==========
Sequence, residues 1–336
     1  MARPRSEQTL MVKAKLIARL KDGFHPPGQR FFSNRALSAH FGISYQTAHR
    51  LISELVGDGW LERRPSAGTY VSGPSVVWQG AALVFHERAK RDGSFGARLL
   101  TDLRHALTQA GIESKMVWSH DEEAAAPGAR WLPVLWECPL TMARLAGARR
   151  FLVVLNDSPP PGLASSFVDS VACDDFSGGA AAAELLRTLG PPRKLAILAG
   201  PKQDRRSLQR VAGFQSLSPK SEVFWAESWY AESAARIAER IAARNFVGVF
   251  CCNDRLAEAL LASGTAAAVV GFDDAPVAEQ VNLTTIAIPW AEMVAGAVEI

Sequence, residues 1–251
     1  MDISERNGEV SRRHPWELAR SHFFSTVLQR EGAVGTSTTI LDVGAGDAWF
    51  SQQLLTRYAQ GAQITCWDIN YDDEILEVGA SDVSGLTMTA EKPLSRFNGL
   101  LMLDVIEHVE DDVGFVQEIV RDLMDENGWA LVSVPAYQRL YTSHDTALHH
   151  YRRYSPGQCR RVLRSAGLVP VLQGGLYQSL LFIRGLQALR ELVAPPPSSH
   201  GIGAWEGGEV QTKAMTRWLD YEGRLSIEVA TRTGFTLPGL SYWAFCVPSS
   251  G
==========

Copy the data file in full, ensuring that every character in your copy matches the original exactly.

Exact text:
Sequence, residues 1–336
     1  MARPRSEQTL MVKAKLIARL KDGFHPPGQR FFSNRALSAH FGISYQTAHR
    51  LISELVGDGW LERRPSAGTY VSGPSVVWQG AALVFHERAK RDGSFGARLL
   101  TDLRHALTQA GIESKMVWSH DEEAAAPGAR WLPVLWECPL TMARLAGARR
   151  FLVVLNDSPP PGLASSFVDS VACDDFSGGA AAAELLRTLG PPRKLAILAG
   201  PKQDRRSLQR VAGFQSLSPK SEVFWAESWY AESAARIAER IAARNFVGVF
   251  CCNDRLAEAL LASGTAAAVV GFDDAPVAEQ VNLTTIAIPW AEMVAGAVEI

Sequence, residues 1–251
     1  MDISERNGEV SRRHPWELAR SHFFSTVLQR EGAVGTSTTI LDVGAGDAWF
    51  SQQLLTRYAQ GAQITCWDIN YDDEILEVGA SDVSGLTMTA EKPLSRFNGL
   101  LMLDVIEHVE DDVGFVQEIV RDLMDENGWA LVSVPAYQRL YTSHDTALHH
   151  YRRYSPGQCR RVLRSAGLVP VLQGGLYQSL LFIRGLQALR ELVAPPPSSH
   201  GIGAWEGGEV QTKAMTRWLD YEGRLSIEVA TRTGFTLPGL SYWAFCVPSS
   251  G